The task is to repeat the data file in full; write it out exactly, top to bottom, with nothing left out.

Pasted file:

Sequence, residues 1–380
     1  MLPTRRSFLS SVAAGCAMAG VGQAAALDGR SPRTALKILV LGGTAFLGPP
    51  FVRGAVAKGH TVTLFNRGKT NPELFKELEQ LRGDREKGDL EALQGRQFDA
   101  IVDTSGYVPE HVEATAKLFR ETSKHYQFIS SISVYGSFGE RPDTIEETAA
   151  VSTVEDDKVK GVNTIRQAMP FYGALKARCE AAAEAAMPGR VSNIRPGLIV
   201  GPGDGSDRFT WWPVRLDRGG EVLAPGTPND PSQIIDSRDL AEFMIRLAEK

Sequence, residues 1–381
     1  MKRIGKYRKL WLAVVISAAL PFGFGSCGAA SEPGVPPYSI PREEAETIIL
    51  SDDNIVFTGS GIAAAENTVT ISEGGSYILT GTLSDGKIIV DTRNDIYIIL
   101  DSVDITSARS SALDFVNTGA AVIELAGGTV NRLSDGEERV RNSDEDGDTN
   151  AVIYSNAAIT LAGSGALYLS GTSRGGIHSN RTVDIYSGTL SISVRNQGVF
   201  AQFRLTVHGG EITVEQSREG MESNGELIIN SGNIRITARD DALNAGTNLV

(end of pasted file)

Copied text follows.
Sequence, residues 1–380
     1  MLPTRRSFLS SVAAGCAMAG VGQAAALDGR SPRTALKILV LGGTAFLGPP
    51  FVRGAVAKGH TVTLFNRGKT NPELFKELEQ LRGDREKGDL EALQGRQFDA
   101  IVDTSGYVPE HVEATAKLFR ETSKHYQFIS SISVYGSFGE RPDTIEETAA
   151  VSTVEDDKVK GVNTIRQAMP FYGALKARCE AAAEAAMPGR VSNIRPGLIV
   201  GPGDGSDRFT WWPVRLDRGG EVLAPGTPND PSQIIDSRDL AEFMIRLAEK

Sequence, residues 1–381
     1  MKRIGKYRKL WLAVVISAAL PFGFGSCGAA SEPGVPPYSI PREEAETIIL
    51  SDDNIVFTGS GIAAAENTVT ISEGGSYILT GTLSDGKIIV DTRNDIYIIL
   101  DSVDITSARS SALDFVNTGA AVIELAGGTV NRLSDGEERV RNSDEDGDTN
   151  AVIYSNAAIT LAGSGALYLS GTSRGGIHSN RTVDIYSGTL SISVRNQGVF
   201  AQFRLTVHGG EITVEQSREG MESNGELIIN SGNIRITARD DALNAGTNLV